chicken management
stocking density
Stocking density refers to how many chickens can be kept in a given area in relative comfort and harmony.

minimum space requirements
The minimum space required to keep  chickens in a healthy and happy state varies depending on :-
  1. The size of the chickens.
    EG bantam chickens need less space than large meat chickens.
  2. The age of the chickens
    Chicks and juvenile chickens need less space than adult chickens.
  3. Whether the chicken numbers remain static or fluctuate throughout the year.
    If you let hens raise broods of chicks with the intention of eating the chicks when they reach adulthood your flock may swell to as much as three times the size of the regular flock in the interim before all the chickens raised for meat are eaten.
Photo of chickens in a deep litter pen
My chickens waiting to be let out of their deep litter run in the morning.  On the left of the photo is the edge of their coop which has a hatchway that directly connects to the deep litter run.
As well different publications and websites on keeping chickens give conflicting minimum space figures.  In an attempt to simplify the formula I have come up with these figures based on the averages of a number of these sites:-
  1. Perch length              25 cm (10")
  2. Coop space               1.2  m²  (4 ft ² )
  3. Outdoor run space   1.2 m² (4 ft ² )
These figures are for mid sized utility chickens.  If your are running layers or bantam chickens you could probably reduce these chicken to area ratios by 20%. 

Also note that these are minimum space requirements, ideally it would be better if you had more space per chicken than these minimum figures.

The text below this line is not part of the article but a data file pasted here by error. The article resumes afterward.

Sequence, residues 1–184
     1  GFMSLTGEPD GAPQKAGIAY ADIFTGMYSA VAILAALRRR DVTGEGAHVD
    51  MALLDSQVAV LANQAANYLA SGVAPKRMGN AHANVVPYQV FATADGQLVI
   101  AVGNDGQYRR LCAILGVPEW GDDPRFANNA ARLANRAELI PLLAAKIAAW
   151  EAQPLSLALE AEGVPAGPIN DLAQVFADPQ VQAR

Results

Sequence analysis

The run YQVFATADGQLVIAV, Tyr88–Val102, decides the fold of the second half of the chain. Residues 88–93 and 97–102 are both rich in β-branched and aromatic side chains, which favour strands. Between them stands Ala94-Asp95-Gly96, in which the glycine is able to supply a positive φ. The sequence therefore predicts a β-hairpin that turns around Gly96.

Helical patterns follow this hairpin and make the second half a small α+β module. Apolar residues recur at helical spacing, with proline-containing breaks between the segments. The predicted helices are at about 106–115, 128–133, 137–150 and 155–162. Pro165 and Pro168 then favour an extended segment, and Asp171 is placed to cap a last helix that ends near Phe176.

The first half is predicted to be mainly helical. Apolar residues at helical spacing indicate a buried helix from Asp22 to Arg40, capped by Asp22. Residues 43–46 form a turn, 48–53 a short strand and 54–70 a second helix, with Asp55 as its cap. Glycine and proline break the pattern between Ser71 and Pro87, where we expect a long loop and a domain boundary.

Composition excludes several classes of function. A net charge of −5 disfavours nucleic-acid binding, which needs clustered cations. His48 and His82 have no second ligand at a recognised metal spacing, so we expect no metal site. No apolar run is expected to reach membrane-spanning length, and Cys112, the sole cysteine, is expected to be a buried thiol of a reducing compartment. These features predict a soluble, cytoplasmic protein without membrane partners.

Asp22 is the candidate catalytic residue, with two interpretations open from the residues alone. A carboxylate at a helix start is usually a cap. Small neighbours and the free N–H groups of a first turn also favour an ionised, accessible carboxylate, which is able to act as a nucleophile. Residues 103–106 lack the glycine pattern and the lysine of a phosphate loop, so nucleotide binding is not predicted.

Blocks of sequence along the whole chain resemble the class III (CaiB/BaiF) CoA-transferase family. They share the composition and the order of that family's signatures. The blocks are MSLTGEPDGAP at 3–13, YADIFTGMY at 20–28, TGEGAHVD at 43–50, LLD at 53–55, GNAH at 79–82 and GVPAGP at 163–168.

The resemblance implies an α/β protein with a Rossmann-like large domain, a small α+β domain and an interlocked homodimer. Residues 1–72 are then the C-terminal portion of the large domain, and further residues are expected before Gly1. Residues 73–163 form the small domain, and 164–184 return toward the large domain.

the space chicken ratio for my chicken run
It is difficult to directly compare my chicken run with these figures as I have a deep litter run attached to the coop.  While my coop is relatively small the chickens have access to this deep litter run at all times, plus part of this run is under cover and extra perch space can (and has in the past) be added in this section.  For this reason I count both my coop and deep litter run as a single space when comparing with the above general space ratios.

As well the number of chickens housed in the run has varied over the years.  These days I usually only run about six chickens using the Staggered Replacement System, however in the past it housed anything up to eighteen chickens.  But these high numbers were seasonal as they were when I was raising young chickens for meat.  During the Summer the numbers would be high but by the following winter the figure would be back down to six to eight. 

Below is a graph showing the total area of my chicken run plus the space per chicken.  For simplicity this graph only shows metric figures.
6 12 18
Perch length 5.4 m 90 cm 45 cm 30 cm
Coop/Deep Litter run 18.4 m² 3.5 m² 1.5 m² 1 m²
Main Run 44.4 m² 7.4 m² 3.7 m² 2.5 m²
(only limited access) Extended Run 146 m² 24.3 m² 12.2 m² 8.1 m²

Other factors to consider
It is not just space that affects the well being of your chickens.  Below are five other factors to consider.
  1. Shade
    Photo of a hen under a shady tree
    Barnevelder hen in the shade of a cherry tree.  It is important that your chickens have access to a shady place, especially in hot weather.

    Photo of chickens walking on boggy ground.
    What you don't want is to have your chickens walking around on boggy ground.
    Chickens like plenty of shade so they can get out of the glaring sun in the heat of the day.  If your chicken run doesn't include a tree or an overhang then I suggest you put up some shadecloth.  The coop cannot be the only shade as it will be too stuffy on a hot day.
  2. Sunlight
    Chickens also like to sun themselves, so make sure that you have at least part of the chicken run getting full sunlight in winter.
  3. Drainage
    Chickens do not like sloshing around in mud.  If your chicken run is prone to getting muddy in winter than consider putting in agricultural drainage pipes.  Another option is to mound one part of the run up so as to form a higher and hopefully drier hillock.  Adding sand to make the soil more friable will also help.
  4. Protection from the wind
    Chickens don't like cold wind.  If your chicken run is a bit of a wind tunnel then consider putting up some wind breaks.
  5. Dust baths
    Chickens love dust baths.  These can be achieved naturally by a combination of plenty of sunlight and well drained soil.   Mounding up an area and adding sand will aid in creating a good dust bath area.